Marvel have been threatening a new Spidy title for awhile now. At first, Kevin Smith was to helm it and write an ongoing Black Cat series. Then it was going to be JMS, while Kevin took over Amazing. Then everyone just faced reality and that Kevin can't keep comic book deadlines and ruled him out of the equation. Finally it was decided that the team that brought us 'Trouble', fan favourites Mark Millar and the Dodsons, would launch a new title under the Marvel Knights imprint. Apparently this book will differ from the other Spidey titles in that it will be more 'adult'.
This issue starts with Spidey being trashed by the Green Goblin. Spidey fights back and eventually wins, webbing up the Goblin for the police, while an ungrateful public riles hims. Apparantly the Goblin had gotten tired of their truce and kidnapped some hostages to force Spidey into a face-off.
Later, Peter arrives via taxi at Aunt May's Forrest Hills home battered and bruished. He's supposed to be helping her move, but instead everyone atttends to Pete's wounds. Then they start reminscing. In a tree outside, someone dark figure hangs upside down and keeps watch on the house.
The next day Pete is at school teaching when some of the kids revealed they've discovered Pete's past as a Daily Bugle photographer. They begin to ask him questions when the class is interrupted by another teacher who tells Peter he has a phone call.
We then see Peter at a local graveyard staring at Uncle Ben's smashed headstone. The call was about the vandalism. Pete's a bit disturbed by the act, while he's discussing repairs with the attendant his mobile rings. It's that upside down stranger again, he threatens Peter, telling him he knows his secret identity. He intimates that he's going after Aunt May.
Pete webswings across town in his cilvilian guise, throwing caution to the wind, so that he reach Aun May in time. When he arrives he finds her apartment ransacked...
This issue was a lot better than I was expecting. The dialog, pacing and art were pretty much spot on. The plot is interesting and takes a slightly more realistic approach to some things, i.e. the silly truce thing between Spidey and the Green Goblin (though really, the silly thing is that Spidey keeps the truce!) and what a true villain would do with the knowledge of his secret identity.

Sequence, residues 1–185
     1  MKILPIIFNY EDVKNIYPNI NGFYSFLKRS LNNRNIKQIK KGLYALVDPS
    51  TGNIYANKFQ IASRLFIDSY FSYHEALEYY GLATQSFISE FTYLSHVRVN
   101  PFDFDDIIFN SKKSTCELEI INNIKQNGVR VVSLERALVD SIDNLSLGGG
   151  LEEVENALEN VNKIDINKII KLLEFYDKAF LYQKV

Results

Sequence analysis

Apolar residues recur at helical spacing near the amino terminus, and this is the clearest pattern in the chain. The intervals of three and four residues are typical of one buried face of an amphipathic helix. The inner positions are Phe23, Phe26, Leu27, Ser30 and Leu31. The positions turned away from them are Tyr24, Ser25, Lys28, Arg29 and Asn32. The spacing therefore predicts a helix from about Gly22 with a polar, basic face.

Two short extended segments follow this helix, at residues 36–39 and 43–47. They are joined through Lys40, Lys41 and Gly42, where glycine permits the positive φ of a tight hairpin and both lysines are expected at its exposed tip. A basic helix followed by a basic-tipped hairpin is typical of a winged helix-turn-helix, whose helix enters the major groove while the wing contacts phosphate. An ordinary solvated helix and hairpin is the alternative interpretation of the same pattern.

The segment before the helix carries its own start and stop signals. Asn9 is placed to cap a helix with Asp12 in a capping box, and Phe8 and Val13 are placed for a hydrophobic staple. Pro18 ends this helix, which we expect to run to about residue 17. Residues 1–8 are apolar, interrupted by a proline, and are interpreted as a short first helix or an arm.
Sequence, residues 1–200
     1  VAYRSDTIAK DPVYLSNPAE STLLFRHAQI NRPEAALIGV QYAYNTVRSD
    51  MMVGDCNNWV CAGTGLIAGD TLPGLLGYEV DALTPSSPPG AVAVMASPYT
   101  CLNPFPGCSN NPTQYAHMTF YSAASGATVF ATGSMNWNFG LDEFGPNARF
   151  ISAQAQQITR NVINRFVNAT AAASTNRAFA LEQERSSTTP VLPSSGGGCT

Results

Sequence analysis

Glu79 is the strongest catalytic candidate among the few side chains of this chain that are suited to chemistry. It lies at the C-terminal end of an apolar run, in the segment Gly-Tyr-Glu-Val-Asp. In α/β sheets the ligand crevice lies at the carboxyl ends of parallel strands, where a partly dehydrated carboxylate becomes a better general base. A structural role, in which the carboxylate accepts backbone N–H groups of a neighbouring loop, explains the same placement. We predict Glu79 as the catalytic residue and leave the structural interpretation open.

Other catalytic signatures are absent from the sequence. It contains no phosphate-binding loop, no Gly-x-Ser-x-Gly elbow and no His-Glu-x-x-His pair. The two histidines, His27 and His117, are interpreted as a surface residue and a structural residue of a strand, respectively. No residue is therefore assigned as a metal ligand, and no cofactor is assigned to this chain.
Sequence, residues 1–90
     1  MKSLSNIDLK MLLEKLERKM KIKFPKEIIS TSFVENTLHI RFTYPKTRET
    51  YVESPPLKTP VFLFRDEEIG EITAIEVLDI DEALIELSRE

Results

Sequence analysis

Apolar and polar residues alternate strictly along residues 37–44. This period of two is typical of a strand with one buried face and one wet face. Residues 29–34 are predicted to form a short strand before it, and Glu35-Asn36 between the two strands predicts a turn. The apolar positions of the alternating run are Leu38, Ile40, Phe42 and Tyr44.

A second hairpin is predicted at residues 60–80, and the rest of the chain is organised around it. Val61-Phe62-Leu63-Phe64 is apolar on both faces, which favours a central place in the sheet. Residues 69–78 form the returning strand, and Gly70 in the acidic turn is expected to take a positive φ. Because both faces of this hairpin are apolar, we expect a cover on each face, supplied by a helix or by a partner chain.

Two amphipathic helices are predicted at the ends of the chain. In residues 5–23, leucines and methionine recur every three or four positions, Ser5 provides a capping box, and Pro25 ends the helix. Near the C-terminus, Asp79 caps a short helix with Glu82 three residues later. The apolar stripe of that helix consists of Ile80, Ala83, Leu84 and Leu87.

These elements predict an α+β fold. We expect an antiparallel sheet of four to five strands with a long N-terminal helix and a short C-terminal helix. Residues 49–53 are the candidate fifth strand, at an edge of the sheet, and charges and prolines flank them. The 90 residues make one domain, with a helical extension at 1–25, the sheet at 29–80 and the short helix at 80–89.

There is a Marvel Knights feel to the book, the fight scene at the beginning is more brutal than usually depicted. The dialog is also a bit more mature. There's room for some character moments as well, I particularly liked the school scene where Pete's students figure out his 'secret'.
There were some little problems though and its no surprise that its mainly to do with continuity. My knowledge may be a little rusty on some details, but I am sure that May has moved out of the Forest Hills house at least once before, most recently when she lived in that apartment with Peter and MJ after the reboot. I'm pretty sure Anna Watson lived there during that time, so it wasn't sold. The point is, there's a big deal made about Aunt May moving out of the family home, when its happened before and no mention is made. What's more is that we're supposed to believe that Peter's room has been kept exactly as it was when he was a boy! That just deosn't jive, especially when you consider that the house has been 'rented' out before.
The other thing that gets me is the Green Goblin being wrapped up almost as an aside. The scene is great and I see its point in the story, but its does seem a bit easy. I wasn't happy with the status quo at the moment and the silly 'truce' that Spidey and the Goblin had. But, at the same time, to have things resolved in such an off-hand way seems to be a bit of cheat. I'd really like to see the issue of how Peter could've let a man he knows is evil and muderous roam around. Especially a man who had killed some of his loved ones, disabled others and generally screwed with your life in a big way.
Besides those things, this issue is a promising start to a new series. I'm intrigued by the shadow villain. The obvious guess seems that its the Vulture, but I think that's a red herring.
Good stuff, bad continuity.